NEW PALTZ – Historic Huguenot Street (HHS) recently commissioned the translation of historic documents from Dutch to English, thanks to a grant of $25,000 as part of the Dutch Culture USA program by the Consulate General of the Netherlands in New York. The project encompasses early-American documents ranging from the mid-1600s through the 1700s, part of a larger project to digitize and make these documents available online with funding from the National Endowment for the Humanities (2021-24).
In order to complete the translation project, HHS enlisted noted New Netherland scholar and author Dr. Jaap Jacobs and his colleague Julie van den Hout. The team translated over 190 pages of these important early documents, drawn from the HHS Archives and the Reformed Church of New Paltz. Documents include the Second Register of the Reformed Church, which provides detailed insight into the religious lives of New Paltz residents. Translations for the Register are presented adjacent to an image of the original document, highlighting the layout of the corresponding handwritten text.
According to Dr. Jaap Jacobs, “The new translations will be much appreciated by scholars as well as genealogists, not least because the spelling of personal names has in many cases been corrected. The new translation also makes accessible many documents that had previously been left untranslated, for instance consistory minutes regarding a quarrel that had arisen between two church members and a letter with the request for financial assistance for an impoverished minister.”
Another category of the translated documents consists of financial records. While these would appear to be mundane, a closer look shows that an enormous amount of information about daily life in New Paltz during this period can be gleaned. For instance, these records indicate that New Paltz was well connected to the wider world: imported items such as tea, molasses, rum, and sugar are mentioned along with locally grown produce such as wheat, buckwheat, and corn. An account book kept by Hendricus DuBois Jr., with entries relating to making and repairing shoes and weaving wool and linen, paints a picture of the domestic lives of various families within the New Paltz community. Another document, a doctor’s bill, shows that David Deyo received medical attention for his neck in 1755. Importantly, another document reveals instances involving enslaved people of African descent receiving medical care, for which their enslaver, Simon DuBois of New Paltz, was charged.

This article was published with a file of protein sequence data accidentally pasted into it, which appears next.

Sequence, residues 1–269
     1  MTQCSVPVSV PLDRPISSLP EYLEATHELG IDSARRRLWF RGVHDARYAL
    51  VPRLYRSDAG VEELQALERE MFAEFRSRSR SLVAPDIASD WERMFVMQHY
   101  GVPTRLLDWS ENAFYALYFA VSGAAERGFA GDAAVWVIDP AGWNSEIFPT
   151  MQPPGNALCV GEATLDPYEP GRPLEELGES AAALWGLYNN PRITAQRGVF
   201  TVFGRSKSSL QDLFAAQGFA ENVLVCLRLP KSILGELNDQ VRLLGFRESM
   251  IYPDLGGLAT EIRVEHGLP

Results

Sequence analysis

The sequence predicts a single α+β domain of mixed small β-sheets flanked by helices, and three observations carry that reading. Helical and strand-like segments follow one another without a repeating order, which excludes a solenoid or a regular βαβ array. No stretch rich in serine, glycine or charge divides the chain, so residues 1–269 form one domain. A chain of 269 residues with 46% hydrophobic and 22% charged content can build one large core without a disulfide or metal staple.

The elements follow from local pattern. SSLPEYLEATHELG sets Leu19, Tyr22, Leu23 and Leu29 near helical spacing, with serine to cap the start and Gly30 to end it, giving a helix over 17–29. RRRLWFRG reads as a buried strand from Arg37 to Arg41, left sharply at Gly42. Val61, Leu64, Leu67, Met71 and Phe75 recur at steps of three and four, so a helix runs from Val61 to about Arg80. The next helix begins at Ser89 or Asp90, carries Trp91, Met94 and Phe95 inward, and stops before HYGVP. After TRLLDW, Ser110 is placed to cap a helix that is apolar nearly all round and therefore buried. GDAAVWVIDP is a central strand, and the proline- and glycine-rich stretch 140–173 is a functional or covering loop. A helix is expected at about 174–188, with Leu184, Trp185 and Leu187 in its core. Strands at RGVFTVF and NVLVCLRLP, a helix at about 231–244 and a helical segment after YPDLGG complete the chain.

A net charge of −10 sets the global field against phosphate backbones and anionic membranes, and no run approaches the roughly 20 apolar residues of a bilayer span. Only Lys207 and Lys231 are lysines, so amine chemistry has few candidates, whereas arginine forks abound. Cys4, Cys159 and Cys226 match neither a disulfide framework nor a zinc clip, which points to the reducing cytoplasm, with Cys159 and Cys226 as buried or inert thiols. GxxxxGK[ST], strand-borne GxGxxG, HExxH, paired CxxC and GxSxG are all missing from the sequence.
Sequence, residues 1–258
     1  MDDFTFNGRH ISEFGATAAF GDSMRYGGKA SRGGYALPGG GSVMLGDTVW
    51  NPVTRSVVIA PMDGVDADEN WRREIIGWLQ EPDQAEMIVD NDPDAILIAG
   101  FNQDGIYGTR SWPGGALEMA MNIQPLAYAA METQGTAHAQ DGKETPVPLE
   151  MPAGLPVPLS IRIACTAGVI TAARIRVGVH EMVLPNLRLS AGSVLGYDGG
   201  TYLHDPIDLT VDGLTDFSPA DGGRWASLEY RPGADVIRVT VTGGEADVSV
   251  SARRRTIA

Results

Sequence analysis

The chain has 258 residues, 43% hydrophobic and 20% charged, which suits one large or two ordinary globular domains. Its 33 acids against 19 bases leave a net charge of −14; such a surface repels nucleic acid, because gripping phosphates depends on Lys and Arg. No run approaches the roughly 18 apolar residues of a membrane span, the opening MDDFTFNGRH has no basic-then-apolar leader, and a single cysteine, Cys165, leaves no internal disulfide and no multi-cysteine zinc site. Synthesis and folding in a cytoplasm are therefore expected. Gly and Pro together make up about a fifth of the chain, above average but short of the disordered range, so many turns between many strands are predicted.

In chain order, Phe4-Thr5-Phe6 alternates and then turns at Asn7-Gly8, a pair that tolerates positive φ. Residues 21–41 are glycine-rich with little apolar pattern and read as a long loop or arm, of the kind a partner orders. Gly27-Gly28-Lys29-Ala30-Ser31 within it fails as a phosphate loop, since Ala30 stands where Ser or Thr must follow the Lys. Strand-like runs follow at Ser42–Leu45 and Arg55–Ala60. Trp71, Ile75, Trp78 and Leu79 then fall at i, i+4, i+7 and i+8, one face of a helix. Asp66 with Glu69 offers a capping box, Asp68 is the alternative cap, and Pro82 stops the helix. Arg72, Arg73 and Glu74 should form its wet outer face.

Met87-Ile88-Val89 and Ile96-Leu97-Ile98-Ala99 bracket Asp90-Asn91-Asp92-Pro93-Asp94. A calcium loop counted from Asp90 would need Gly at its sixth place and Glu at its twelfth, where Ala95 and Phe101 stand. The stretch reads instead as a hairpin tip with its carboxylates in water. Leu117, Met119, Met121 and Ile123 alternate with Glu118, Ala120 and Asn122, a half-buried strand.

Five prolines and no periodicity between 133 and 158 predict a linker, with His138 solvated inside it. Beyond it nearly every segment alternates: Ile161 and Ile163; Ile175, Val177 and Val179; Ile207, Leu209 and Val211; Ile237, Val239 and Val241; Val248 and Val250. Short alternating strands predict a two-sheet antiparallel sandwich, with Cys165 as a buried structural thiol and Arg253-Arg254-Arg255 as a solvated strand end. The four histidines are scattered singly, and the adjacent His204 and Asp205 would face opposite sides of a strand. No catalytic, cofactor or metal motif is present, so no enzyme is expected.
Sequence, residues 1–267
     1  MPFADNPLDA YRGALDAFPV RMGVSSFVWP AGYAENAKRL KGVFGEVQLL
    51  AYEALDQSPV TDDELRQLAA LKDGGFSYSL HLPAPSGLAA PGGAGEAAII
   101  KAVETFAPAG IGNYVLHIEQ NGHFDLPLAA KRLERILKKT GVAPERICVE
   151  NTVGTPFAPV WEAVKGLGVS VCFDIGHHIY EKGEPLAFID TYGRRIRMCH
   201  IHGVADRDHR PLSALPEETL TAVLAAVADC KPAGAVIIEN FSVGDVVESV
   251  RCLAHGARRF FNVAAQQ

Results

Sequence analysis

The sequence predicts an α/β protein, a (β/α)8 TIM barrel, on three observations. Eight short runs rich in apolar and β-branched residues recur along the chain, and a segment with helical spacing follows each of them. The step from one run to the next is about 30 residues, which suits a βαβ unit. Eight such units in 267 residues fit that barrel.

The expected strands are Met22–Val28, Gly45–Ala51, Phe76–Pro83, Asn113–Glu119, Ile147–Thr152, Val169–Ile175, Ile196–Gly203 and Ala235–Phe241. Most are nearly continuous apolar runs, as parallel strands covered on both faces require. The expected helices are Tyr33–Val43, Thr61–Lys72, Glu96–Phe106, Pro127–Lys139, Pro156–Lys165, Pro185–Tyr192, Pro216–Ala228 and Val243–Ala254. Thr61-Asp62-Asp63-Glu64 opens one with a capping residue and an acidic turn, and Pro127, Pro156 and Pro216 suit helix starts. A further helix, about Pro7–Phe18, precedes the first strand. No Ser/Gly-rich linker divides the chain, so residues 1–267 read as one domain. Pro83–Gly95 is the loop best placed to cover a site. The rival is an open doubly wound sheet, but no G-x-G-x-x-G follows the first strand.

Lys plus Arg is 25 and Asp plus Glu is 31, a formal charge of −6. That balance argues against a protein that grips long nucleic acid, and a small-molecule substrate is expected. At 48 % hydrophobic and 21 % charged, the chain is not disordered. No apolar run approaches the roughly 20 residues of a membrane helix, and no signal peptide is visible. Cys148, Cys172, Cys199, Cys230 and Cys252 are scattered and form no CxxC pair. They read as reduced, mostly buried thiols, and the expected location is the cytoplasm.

“We’re extremely grateful to the Consulate General of the Netherlands for supporting this effort,” said Josephine Bloodgood, HHS Director of Curatorial and Preservation Affairs. “Having these documents translated from the old Dutch to modern English makes the information they contain more available to a much wider audience and enables us to tell a much more inclusive and accurate history of New Paltz.”
These and other documents may be explored online through the New York Heritage landing page for the New Paltz Historic Documents project at https://nyheritage.org/collections/new-paltz-historic-documents.